We’ve all been there, driving down a poorly lit stretch of road in the pouring rain, desperately trying to make out the lane markers and trying to see past the windshield wipers screeching at full speed.
All of a sudden a cyclist or another car veers into your lane, or worse, your own car begins hydroplaning out of control.
It’s a nightmare no motorist wants to experience, but unfortunately it leads to tragic results seen too often by first responders. Slowing down for poor road conditions may be logical, but it’s a strategy often forgotten by drivers anxious to reach their destination and surging forward at dangerous speeds.
Between November and January, speed-related crashes resulting in injuries or fatalities increase by more than 50 per cent across the province, according to ICBC. There are on average 250 crashes a month in those months, including about 40 on Vancouver Island. Driving too fast for the conditions is a major factor.
It’s the time of year when the days get darker by the minute and the weather is a far cry from summer sunshine. During these winter months, many motorists find themselves spending more time behind the wheel after dark.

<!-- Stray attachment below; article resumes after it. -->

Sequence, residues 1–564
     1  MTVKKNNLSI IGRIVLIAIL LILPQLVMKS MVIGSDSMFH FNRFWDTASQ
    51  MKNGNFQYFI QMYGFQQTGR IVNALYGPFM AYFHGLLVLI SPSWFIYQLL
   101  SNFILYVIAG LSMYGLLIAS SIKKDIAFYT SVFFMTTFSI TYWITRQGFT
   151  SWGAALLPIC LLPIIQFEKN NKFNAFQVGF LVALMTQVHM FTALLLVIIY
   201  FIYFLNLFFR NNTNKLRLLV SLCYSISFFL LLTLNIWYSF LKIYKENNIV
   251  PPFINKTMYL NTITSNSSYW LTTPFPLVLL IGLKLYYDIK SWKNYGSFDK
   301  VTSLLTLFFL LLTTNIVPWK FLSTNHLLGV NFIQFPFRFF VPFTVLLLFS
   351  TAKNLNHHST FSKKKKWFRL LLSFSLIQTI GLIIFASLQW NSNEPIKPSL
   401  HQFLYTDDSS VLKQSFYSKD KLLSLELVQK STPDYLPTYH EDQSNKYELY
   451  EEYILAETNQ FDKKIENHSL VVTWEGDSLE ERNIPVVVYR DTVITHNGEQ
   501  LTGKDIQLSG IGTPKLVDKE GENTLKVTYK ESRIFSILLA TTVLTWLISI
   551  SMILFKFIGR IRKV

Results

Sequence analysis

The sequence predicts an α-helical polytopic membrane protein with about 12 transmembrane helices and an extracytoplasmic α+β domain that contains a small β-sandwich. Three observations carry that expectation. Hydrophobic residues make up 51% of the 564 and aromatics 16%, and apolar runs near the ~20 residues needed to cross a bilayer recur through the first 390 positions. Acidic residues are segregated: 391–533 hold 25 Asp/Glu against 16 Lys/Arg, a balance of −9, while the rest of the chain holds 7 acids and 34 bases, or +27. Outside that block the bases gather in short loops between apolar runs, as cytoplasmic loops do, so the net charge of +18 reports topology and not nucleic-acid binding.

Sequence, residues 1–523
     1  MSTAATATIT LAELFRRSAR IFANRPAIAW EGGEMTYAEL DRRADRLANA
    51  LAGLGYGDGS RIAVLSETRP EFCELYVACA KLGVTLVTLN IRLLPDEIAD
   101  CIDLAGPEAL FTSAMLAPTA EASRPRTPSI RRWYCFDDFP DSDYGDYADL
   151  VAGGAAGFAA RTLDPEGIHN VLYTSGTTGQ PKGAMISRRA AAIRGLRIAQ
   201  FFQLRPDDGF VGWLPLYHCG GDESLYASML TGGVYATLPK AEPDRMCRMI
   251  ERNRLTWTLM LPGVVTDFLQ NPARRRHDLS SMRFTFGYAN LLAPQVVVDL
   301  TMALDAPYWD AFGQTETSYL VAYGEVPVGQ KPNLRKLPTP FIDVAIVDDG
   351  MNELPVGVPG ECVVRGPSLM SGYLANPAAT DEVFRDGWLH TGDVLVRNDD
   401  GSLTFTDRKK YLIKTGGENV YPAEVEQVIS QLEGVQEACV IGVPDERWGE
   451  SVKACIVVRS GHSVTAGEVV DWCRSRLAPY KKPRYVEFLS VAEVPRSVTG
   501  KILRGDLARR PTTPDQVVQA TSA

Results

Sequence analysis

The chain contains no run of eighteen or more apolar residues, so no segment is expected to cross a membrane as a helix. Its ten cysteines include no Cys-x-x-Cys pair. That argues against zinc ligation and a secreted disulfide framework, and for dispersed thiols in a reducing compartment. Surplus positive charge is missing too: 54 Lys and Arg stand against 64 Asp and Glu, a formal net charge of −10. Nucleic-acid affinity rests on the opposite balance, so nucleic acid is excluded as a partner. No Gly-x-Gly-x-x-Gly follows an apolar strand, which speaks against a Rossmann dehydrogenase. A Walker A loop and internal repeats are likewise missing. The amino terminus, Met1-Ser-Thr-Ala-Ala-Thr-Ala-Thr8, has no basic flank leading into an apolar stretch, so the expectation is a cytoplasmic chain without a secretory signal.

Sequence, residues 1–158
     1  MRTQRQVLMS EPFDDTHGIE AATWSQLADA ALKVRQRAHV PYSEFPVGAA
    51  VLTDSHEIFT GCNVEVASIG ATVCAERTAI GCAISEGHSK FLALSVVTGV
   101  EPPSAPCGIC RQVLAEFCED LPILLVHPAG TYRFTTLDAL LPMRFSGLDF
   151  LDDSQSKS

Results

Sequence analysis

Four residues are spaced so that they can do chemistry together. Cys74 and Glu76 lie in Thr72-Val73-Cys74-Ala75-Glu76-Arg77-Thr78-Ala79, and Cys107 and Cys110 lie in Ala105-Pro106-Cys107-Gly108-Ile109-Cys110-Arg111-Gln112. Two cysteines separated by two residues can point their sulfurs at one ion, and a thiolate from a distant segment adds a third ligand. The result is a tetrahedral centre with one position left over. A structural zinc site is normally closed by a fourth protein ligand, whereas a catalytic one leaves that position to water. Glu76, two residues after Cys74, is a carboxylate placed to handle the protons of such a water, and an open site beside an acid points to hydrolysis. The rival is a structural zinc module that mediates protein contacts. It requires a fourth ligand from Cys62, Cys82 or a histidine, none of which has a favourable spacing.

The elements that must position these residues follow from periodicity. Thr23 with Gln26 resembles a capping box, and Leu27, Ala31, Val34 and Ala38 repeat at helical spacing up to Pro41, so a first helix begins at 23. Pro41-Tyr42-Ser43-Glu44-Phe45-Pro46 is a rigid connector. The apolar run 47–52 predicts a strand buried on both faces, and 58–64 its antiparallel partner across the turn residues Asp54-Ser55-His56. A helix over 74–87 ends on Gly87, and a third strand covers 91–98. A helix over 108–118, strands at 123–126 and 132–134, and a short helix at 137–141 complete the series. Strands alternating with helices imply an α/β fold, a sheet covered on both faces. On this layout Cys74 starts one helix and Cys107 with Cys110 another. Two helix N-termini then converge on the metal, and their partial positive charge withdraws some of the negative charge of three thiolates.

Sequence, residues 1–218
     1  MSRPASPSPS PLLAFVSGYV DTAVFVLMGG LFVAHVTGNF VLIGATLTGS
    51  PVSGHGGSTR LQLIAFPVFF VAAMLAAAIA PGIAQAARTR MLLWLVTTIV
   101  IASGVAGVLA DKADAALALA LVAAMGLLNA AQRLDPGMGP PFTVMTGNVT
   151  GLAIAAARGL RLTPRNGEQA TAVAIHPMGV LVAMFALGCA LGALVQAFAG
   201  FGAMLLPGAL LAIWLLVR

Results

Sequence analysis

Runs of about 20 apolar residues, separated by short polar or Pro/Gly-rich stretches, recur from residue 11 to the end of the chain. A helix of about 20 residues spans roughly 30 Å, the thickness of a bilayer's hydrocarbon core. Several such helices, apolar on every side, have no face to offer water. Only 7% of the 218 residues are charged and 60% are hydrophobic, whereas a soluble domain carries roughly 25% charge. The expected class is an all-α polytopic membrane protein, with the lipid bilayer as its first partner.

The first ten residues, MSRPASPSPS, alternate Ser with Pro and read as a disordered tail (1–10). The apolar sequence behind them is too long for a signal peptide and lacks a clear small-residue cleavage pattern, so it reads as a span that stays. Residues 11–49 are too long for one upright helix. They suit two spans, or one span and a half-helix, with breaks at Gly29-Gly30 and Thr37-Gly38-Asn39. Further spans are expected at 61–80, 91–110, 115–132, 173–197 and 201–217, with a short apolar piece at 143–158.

While it is crucial that motorists exercise more caution, pedestrians, cyclists and other road users share a responsibility to make themselves seen in the dark.
Non-drivers may think they’re visible to motorists, but wearing reflective clothing, installing lights on a bike, or carrying a flashing light of some sort is the best way to help ensure you’ll be seen.
The numbers are clear: motorists in general can see pedestrians and cyclists with reflective or flashing items from up to 500 feet away. Without such items – or worse, if you’re wearing dark clothing – that number drops down to 100 feet before most drivers have a chance of seeing you.
To the joggers, walkers, cyclists and other road users out there, don’t assume you’ll be seen. Leaving your safety to chance is not something you want to risk your life on.